Believe it or not, some kids still keep handwritten diaries. Whodathunk? And for parents whose kids do this, they're in a bit of a tough position. Do they read their kid's diary so they can know if anything is going on their kid's life that they should know about? Like sex? Drugs? Rock 'n' roll? If they do that, and they find something, then they're in the awkward position of having to explain to their child that they HAVE NO PRIVACY. Nowadays, parents -- especially moms, let's face it -- are all too prone to blog about their kids too. How are those kids going to feel when they grow up and all the dirty details of their childhood is out there on the Internet? Will they care, or will privacy be nothing but a cute relic of a bygone era by then anyway? One mom is coming in for a drubbing for doubly invading her 5-year-old daughter's privacy: She read her child's diary AND published it online.
Kim Bongiorno, who writes the blog Let Me Start By Saying, began getting a tad worried when her 5-year-old daughter took up a journaling habit. She apparently kept her diary's key on a ring on her finger and would say, "Do NOT look at me, Mama. I'm writing in my diary."
Concerned that her daughter was "hiding her sad" in her diary, Bongiorno wasn't about to let a 5-year-old tell her to mind her own business, so she snatched the ring and took a peek. Much to her relief, her daughter's diary was filled with expressions of love such as, "I love rainbows. I love my friends. I wish I had flowers. I love cold water. I love movies."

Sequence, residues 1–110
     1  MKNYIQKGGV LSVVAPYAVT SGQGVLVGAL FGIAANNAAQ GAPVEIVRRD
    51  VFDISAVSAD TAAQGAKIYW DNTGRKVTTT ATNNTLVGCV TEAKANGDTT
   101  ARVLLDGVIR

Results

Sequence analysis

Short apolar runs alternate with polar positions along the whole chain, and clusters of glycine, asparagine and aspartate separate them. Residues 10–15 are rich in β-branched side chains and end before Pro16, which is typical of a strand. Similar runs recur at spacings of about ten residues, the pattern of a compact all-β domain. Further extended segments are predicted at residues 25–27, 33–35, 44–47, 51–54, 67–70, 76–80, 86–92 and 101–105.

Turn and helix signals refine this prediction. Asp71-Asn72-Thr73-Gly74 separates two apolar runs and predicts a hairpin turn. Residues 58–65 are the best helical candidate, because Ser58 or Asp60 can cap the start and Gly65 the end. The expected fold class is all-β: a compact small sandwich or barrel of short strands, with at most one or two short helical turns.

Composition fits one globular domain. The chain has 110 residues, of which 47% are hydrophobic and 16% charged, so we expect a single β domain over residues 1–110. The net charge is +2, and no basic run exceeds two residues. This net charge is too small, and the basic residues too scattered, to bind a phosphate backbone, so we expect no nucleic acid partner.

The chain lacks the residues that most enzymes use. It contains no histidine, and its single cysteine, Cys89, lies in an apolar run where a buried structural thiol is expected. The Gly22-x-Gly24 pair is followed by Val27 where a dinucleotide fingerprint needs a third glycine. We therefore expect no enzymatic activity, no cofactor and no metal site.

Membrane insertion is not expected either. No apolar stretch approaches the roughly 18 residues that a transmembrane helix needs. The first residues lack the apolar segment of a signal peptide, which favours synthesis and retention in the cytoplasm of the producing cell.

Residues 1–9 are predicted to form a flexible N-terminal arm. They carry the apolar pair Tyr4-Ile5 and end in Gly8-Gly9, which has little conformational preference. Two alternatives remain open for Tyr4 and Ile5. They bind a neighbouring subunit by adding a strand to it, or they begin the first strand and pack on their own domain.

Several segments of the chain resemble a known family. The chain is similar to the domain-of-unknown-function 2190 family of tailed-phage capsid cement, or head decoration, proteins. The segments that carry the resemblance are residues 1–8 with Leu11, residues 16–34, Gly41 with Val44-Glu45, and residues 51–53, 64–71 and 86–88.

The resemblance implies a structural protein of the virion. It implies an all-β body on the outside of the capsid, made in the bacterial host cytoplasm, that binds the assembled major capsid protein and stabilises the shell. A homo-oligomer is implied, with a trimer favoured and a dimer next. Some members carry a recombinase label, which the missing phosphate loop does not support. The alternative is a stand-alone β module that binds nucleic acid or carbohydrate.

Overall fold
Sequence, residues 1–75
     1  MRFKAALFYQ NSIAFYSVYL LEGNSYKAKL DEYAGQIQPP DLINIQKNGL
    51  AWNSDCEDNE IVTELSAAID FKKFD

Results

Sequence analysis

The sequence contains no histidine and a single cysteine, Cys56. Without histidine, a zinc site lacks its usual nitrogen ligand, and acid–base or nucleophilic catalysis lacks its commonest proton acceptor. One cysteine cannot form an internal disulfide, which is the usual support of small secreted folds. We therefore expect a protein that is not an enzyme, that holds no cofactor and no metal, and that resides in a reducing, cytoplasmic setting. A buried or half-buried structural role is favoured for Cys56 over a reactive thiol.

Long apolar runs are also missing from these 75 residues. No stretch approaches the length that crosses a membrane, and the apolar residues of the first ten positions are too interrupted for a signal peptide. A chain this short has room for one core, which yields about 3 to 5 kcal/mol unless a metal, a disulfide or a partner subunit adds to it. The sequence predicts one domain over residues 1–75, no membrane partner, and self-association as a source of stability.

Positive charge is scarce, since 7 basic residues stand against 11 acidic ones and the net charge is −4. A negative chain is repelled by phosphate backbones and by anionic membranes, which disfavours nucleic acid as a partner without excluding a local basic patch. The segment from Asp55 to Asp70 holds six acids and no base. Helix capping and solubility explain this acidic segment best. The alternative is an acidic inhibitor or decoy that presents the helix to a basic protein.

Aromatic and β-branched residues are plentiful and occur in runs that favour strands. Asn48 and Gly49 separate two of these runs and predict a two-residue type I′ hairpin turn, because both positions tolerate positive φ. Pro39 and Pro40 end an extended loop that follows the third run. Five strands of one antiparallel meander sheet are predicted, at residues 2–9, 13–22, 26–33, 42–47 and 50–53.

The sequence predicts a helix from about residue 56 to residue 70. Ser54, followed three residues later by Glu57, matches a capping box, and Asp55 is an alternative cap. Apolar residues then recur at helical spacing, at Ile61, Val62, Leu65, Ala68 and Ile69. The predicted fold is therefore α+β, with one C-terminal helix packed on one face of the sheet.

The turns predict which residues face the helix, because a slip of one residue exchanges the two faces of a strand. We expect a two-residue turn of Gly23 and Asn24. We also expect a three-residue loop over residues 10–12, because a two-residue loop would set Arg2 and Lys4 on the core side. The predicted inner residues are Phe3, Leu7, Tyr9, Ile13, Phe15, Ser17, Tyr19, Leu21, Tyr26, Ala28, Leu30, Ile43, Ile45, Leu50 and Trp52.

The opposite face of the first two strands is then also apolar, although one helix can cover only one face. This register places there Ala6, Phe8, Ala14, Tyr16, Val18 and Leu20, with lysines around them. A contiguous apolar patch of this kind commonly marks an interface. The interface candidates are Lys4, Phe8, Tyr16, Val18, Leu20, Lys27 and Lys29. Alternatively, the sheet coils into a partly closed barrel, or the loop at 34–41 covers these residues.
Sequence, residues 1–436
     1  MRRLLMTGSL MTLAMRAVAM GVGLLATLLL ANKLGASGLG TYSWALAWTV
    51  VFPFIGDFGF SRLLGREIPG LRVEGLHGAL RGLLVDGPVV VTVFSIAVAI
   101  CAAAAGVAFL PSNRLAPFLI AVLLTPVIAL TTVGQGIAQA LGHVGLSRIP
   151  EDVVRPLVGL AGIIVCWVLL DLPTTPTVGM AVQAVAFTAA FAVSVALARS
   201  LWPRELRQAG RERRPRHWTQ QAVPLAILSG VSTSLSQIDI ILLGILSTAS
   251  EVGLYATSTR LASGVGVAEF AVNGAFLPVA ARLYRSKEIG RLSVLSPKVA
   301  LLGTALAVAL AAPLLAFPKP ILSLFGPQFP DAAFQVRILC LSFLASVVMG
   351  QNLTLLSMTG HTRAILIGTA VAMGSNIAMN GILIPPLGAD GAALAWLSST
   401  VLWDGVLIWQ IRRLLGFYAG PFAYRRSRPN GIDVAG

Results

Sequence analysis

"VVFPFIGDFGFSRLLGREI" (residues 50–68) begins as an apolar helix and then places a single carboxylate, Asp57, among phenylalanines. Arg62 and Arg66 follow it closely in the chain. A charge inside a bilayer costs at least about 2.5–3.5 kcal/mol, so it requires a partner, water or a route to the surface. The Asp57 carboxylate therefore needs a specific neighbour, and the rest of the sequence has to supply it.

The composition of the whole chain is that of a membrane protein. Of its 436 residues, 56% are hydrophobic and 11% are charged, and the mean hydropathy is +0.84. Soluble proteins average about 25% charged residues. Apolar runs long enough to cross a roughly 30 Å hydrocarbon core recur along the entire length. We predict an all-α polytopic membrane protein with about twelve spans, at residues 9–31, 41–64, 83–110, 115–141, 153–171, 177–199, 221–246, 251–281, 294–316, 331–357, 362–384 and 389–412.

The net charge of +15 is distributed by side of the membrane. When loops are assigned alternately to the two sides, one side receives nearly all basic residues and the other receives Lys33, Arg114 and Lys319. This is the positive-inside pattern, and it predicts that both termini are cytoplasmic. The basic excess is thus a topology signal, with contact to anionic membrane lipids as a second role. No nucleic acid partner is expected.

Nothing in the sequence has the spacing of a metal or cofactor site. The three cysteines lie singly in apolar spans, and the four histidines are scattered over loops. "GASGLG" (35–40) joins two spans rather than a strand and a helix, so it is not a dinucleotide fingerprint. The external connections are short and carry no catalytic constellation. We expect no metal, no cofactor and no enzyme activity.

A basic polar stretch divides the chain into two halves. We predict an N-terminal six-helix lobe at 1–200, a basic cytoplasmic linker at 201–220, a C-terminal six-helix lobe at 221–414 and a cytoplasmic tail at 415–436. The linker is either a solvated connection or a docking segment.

The blogger decided she wanted to publish this stunning prose (eye roll) as a way of reassuring parents that kids can actually be sweet and simple. Something like that. I think she just liked what she saw, knew it would be clicky, and wanted to publish it.
But moms were not amused. Wrote one, who echoed the thoughts of many:
Besides drawing attention to yourself and your blog, it's difficult to understand what you hoped to accomplish by reading your daughter's diary, writing an article about it, and posting pictures of pages in her diary. No matter how reassured you were by what you read, and how much you thought others would be as impressed as you are with the sentiments your daughter expressed, I think violating her trust and sharing her diary with the world is despicable.
My mother did a similar thing to me when I was quite young. I never quite trusted her again.
Normally I would be right behind these sentiments. I thought the mom who wrote about her troubled "Adam Lanza"-like son had saddled him with a horrific comparison that could have lifelong real world repercussions for him. I thank GOD my mom didn't have Wordpress.
But I'm not convinced that a 5-year-old should have privacy. Yes, she should be able to pee by herself. But writing her innermost thoughts and being able to keep them from me? Nope. If they're nice, positive thoughts, as these ones were, then what was the harm in looking? If they're not, and they are negative, sad, worrisome thoughts, thoughts that perhaps even talk about abuse or bullying, then I absolutely need to know about it. The harm would have been in NOT looking. Bongiorno defends herself, writing:
She's my kid, and I need to be able to check in on her -- she's not even 6 yo yet, so in my opinion, she can't have too much of a say here.
As for publishing her daughter's thoughts, the ones Bongiorno photographs are pretty harmless. I don't think that a future employer will be much concerned with them.
Anyway, Bongiorno claims she got her daughter's permission before publishing -- which is kind of absurd. As if a 5-year-old understands the permanence of the interwebs!
Bongiorno was only doing what a mom should do -- being super nosy. As for publishing her daughter's innermost thoughts, I hope this doesn't continue into her daughter's teen years.
Was this mom right or wrong to do this?
Image via FairyWorld Lock & Key Diary/Amazon